I know the choices can be daunting but the other day I got some decent advice from a good woodworking friend who has been in the business over 40 years. He put this whole sharpening thing in perspective. He said “It’s mostly about technique and purpose. There is no such thing as a perfect all around stone. “
To elaborate on this there is a belief that water stone like the Japanese whet stones provide a good feel and the cutting action is quick. These stones come in a good selection of grits.
Both oil stones and water stones are pretty much the same in regards to how well they can sharpen. The major difference between the two is this: With the oil stone you can use either water or oil but with the wet stone only water can be used because petroleum will degrade the surface quickly. Also many people do not like the mess of an oil stone.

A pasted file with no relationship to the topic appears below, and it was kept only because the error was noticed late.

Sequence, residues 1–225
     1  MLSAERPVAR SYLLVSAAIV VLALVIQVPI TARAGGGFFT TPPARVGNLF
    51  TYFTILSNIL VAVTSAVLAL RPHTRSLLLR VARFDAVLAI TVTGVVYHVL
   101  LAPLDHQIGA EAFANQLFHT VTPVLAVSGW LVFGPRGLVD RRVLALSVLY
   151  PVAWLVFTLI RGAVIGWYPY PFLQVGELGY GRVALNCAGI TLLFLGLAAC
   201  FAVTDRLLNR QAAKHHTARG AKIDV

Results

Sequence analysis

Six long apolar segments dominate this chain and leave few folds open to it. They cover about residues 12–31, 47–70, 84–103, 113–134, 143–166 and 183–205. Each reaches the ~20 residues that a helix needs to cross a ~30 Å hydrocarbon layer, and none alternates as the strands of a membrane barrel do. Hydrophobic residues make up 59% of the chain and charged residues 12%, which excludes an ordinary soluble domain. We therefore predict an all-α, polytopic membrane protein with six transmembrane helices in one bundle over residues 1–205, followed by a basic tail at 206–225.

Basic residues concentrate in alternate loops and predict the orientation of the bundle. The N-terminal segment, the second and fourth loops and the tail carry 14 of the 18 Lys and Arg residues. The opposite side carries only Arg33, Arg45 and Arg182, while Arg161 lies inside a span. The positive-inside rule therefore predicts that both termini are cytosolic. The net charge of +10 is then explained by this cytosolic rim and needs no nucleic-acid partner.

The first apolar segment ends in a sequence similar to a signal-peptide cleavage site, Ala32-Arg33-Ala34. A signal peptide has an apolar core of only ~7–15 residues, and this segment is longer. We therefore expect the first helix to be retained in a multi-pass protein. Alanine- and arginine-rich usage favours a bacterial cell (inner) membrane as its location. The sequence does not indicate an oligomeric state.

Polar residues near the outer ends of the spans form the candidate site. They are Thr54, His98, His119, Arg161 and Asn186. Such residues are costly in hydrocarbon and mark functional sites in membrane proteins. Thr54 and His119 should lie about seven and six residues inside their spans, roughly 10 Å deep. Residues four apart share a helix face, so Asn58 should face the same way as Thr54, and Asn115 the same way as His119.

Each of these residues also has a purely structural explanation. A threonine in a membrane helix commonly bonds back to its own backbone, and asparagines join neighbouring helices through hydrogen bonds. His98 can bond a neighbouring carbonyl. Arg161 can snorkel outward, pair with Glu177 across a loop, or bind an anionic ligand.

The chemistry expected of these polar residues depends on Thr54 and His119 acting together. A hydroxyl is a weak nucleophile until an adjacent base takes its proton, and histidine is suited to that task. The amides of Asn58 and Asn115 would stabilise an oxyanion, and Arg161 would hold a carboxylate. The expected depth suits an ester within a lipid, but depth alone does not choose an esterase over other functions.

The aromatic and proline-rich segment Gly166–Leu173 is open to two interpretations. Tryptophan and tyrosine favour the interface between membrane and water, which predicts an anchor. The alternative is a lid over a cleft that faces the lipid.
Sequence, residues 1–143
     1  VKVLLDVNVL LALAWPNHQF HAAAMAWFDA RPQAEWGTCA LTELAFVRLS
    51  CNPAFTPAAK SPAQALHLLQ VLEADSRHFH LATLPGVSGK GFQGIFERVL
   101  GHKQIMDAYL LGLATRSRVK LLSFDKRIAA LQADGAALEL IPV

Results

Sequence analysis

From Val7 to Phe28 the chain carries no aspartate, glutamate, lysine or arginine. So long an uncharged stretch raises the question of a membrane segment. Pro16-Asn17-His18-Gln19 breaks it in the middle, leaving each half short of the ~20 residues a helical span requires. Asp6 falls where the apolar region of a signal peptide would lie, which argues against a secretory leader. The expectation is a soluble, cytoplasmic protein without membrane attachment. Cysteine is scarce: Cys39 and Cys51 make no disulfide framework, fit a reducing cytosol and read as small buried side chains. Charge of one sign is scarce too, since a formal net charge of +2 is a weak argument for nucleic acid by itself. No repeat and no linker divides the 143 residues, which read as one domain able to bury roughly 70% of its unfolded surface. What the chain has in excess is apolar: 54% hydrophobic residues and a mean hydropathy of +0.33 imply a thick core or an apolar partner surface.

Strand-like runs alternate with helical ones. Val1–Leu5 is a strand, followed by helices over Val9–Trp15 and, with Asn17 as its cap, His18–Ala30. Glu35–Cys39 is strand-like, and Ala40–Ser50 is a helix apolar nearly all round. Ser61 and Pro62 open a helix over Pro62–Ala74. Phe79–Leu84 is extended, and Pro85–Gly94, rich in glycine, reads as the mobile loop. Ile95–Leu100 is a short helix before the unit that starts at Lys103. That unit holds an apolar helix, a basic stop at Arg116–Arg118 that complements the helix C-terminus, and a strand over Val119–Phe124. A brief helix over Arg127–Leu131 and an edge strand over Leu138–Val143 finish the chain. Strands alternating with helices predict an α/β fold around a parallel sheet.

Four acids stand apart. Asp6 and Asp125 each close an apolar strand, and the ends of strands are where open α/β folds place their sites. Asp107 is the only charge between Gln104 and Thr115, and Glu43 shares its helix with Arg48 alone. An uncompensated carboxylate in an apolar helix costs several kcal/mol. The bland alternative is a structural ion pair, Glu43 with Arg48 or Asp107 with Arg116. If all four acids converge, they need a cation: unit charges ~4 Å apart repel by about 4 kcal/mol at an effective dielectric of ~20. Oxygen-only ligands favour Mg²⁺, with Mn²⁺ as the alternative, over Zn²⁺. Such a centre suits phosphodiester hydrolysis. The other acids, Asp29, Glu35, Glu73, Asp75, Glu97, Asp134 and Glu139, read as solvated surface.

A ceramic sharpening stone is considered a lifetime tool if you take care of it. They are more expensive but in the long run may very well be worth the money.
The list he provided-
Oil stones: Mostly used for woodworking tools like chisels and planes.
Water stones: Used for pocket knives and kitchen cutlery.
Ceramic and diamond: can be used for most purposes if you can afford them.
He suggested that I get at least two sharpening stones that are a minimum of six inches in length and have two different grit sizes one on each side.
He recommended a water stone and an oil stone. I will talk about technique in a later post.